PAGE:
b. Method

Influenced by below-cloud evaporation of raindrops, the stable isotopic ratios in collected precipitation near ground may be considerably different from that below the cloud base. The changes of hydrogen and oxygen isotope ratios and d in raindrops from cloud base to ground (values at ground minus values at cloud base) can be expressed as

 
formula
 
formula
 
formula

where and are the hydrogen (oxygen) isotope compositions of a falling raindrop near ground and below cloud base, respectively, and and are d values of a raindrop near ground and below cloud base, respectively.

According to Stewart (1975), the isotopic composition of a falling water drop is

 
formula
 
formula

where , , and are hydrogen (oxygen) isotopic ratios of a falling raindrop near ground, vapor at cloud base, and raindrop at cloud base, respectively; f is the remaining fraction of raindrop mass after evaporation; and the parameters of , , , and (Stewart 1975) are defined as

 
formula
 
formula
 
formula
 
formula

where 2α and 18α are equilibrium fractionation factors for hydrogen and oxygen isotopes, respectively (Friedman and O’Neil 1977; Criss 1999); h is relative humidity; and are 1.024 and 1.0289, respectively (Merlivat 1970; Stewart 1975); and k is 0.58.

If below-cloud precipitation and surrounding ambient water vapor are assumed to be in isotopic equilibrium, Froehlich et al. (2008) determined the value of Δd caused by below-cloud evaporation as

 
formula

and the values of Δ2δ and Δ18δ [also see Salamalikis et al. (2016)] are

 
formula
 
formula

The raindrop is usually assumed as a spheroid (Kinzer and Gunn 1951), and the remaining fraction of raindrop mass can be calculated as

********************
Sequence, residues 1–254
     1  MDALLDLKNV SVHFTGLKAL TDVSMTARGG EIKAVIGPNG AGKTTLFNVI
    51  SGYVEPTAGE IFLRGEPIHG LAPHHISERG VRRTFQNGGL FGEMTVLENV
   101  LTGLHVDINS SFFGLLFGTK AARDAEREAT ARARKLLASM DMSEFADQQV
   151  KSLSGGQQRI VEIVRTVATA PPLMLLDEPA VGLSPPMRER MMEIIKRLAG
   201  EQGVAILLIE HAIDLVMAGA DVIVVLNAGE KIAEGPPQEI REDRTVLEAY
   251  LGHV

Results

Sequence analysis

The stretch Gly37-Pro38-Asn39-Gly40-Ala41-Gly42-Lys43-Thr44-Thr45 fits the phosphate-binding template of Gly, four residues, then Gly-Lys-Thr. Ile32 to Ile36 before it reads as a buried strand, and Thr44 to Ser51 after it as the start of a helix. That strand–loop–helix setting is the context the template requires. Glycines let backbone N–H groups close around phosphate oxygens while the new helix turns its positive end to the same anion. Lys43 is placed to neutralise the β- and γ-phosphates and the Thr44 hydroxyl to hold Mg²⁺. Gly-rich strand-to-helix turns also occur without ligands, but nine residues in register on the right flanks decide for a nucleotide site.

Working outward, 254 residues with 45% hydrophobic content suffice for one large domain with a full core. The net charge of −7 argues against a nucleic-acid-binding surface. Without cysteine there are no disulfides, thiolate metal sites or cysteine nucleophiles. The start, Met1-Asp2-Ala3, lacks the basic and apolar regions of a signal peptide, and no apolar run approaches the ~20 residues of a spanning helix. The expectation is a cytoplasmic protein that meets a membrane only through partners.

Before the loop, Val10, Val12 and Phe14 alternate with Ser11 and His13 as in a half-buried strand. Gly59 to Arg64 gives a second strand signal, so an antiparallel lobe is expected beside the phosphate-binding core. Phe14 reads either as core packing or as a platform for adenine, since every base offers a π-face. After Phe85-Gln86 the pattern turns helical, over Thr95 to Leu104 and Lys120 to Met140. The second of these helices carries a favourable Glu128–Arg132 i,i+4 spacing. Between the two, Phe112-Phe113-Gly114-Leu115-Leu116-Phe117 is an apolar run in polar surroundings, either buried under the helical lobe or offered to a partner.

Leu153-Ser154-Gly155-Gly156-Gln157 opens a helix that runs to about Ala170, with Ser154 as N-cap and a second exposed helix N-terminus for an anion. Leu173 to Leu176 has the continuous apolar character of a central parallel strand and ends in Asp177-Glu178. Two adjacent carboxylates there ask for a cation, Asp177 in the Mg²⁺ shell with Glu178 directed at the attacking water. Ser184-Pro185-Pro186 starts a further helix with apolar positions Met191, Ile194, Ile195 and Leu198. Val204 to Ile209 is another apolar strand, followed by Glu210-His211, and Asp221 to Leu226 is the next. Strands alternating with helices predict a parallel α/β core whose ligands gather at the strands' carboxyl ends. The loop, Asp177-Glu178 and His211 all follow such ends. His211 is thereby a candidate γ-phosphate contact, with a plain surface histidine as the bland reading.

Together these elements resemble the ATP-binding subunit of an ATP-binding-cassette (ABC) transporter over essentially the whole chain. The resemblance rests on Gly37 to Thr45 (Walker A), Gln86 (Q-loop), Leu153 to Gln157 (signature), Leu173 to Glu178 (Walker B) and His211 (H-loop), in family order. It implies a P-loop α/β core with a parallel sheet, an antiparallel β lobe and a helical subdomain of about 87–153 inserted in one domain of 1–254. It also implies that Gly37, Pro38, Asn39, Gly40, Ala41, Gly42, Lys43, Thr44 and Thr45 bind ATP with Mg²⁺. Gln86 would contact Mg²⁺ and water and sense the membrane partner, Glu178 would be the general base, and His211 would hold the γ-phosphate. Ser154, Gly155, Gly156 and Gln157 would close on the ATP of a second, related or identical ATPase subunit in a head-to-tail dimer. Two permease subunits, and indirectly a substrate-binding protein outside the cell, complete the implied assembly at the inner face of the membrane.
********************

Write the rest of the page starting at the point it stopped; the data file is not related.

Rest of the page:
formula

where mend is the mass of the raindrop touching ground and mev is evaporated mass of raindrop and is defined as

 
formula

where E is evaporation intensity (evaporated water mass per unit time) and t is time of falling drop from cloud base to ground. The falling raindrop is considered to be in constant motion, and the falling time is

 
formula

where Hcb is height of cloud base and υend is terminal velocity of raindrop.

Based on Kinzer and Gunn (1951), raindrop evaporation intensity is a product of functions Q1 and Q2:

 
formula

where Q1 is a function (cm) of ambient air temperature T and raindrop diameter D, and Q2 is a function (g cm−1 s−1) of air temperature and relative humidity. The values of Q1 and Q2 for specific conditions (i.e., T = 0°, 10°, 20°, 30°, 40°C; D = 0.01, 0.02, 0.03, …, 0.44 cm; and h = 10%, 20%, 30%, …, 100%) were presented by Kinzer and Gunn (1951). To acquire Q1 and Q2 at specific meteorological conditions for each precipitation event in this study, a bilinear interpolation method was used.

The terminal velocity can be calculated using Best (1950a):

 
formula

where υend is terminal velocity of raindrop (m s−1), e is natural constant, Hcb is height at cloud base (km), and D is diameter of raindrop (mm).

The cloud-base height is determined as lifting condensation level (LCL) in this study (Wang et al. 2009; Fletcher and Bretherton 2010; Yang et al. 2014) and can be calculated using a barometric formula (von Herrmann 1906):